Archive for April 3rd, 2014

Farewell, Jonathan Schell (1943-2014), our remarkable “observer, writer, moralist”

Thursday, April 3rd, 2014

“His lens could not have been wider.” (Photo: David Shankbone)

Last May I attended a memorable dinner at the home of U.N. Ambassador Martin Sajdik, following a panel discussion sponsored by the Austrian Cultural Forum (I wrote about it here). The dinner was magical for a number of reasons, but among them was journalist Jonathan Schell, who came as the companion of a friend, the Polish scholar Irena Grudzinska Gross.  I sat across from, or perhaps it was next to, the author and activist. I remember his gentle courtesy and curiosity, particularly as we spoke about René Girards most recent book, Battling to the End, discussing the escalation to extremes in modern warfare.

schellWhat a difference a year makes. I learned yesterday that Schell had died on March 25 – according to the Washington Post, he succumbed to leukemia and skin cancer, possibly, according to some sources, caused by long-ago exposure to Agent Orange, the poisonous defoliant chemical so widely used by U.S. forces in Vietnam.

David Remnick of the New Yorker wrote, “Schell was an invaluable voice in this country—as an observer, as a writer, as a moralist.” Schell had written for the New Yorker for two decades. His many books include  The Village of Ben Suc (1967), The Time of Illusion (1976), The Fate of the Earth (1982), The Real War (1988), The Gift of Time: The Case for Abolishing Nuclear Weapons Now (1998), The Unfinished Twentieth Century (2001), The Unconquerable World: Power, Nonviolence, and the Will of the People (2003), A Hole in the World (2004), and The Seventh Decade: The New Shape of Nuclear Danger (2007), among others.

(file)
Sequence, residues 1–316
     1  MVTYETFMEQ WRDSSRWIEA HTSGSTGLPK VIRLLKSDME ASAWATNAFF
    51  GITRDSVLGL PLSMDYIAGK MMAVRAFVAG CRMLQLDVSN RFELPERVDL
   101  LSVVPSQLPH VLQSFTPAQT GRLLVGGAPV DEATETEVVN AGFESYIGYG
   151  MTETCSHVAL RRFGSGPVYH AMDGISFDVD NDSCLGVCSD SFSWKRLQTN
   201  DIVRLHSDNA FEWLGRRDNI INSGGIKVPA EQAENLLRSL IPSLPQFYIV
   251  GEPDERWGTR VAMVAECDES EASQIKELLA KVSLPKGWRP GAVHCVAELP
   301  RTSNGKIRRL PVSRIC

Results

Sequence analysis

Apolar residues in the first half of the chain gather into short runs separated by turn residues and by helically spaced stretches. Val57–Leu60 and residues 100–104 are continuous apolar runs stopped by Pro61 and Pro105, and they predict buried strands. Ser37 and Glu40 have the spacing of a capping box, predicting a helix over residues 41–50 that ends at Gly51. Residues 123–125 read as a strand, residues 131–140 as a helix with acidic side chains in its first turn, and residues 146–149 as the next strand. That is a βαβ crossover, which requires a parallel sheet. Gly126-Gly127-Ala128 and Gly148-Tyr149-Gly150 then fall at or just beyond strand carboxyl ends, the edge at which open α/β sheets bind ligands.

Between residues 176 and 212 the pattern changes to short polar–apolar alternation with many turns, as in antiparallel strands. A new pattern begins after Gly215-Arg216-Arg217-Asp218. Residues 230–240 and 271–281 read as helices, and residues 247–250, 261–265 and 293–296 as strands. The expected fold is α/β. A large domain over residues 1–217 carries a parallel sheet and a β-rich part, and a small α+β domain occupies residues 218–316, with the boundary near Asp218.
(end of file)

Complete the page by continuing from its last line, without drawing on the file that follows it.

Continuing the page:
I recognized his name at the dinner, but remembered little more about him than a famous byline – that he had risen to public notice with a scathing indictment of the Vietnam War, then turned his pen to the threat of nuclear war and the necessity of disarmament. The comments from the obituaries have focused on the Vietnam years, the Watergate years … but it’s too easy to categorize him as a critic of old wars and old causes. His words resonate today. “No doubt people have a natural tendency to try to forget about wars the minute they are over,” he commented of the Vietnam war in 1971, “but we may be the first country to try to forget about a war while it is still going on.” And so we still do.

Or these words from a 1974 New Yorker article:

schell1Over the last decade or so, two standard reactions to bad news seems to have developed in our country. One reaction is “It didn’t happen”, and the other is “They all do it”. In the early Vietnam years, the tendency was to react in the first way… About five years ago the second reaction began to emerge. … The man who sees no massacre and no Watergate and the man who sees massacres & Watergates as the inevitable lot of all societies in all times have one thing in common: neither of them can be expected to take any action… This state of mind is new in the U.S. But it’s familiar to anyone who has spent time in Eastern Europe or South America or any place where people have lost the bold spirit of the free and adopted the easy sophistication of the powerless.

Tom Engelhardt of, writing in Huffington Post recalled his Vietnam war coverage during his time at Pantheon and added, “at another publishing house in 2003, in an even grimmer century, I put out his book The Unconquerable WorldPower, Nonviolence, and the Will of the People.  His lens by then couldn’t have been wider.  In it, he appropriated a hollowed-out term from the war in Vietnam, the hopeless American effort to ‘win hearts and minds,’ celebrating instead the untamed ‘rebellious hearts and minds’ across the planet that might find new sources of people power and alter a world headed for destruction.  It was a book so far ahead of its time that, in the invasion-of-Iraq moment, almost no one noticed.”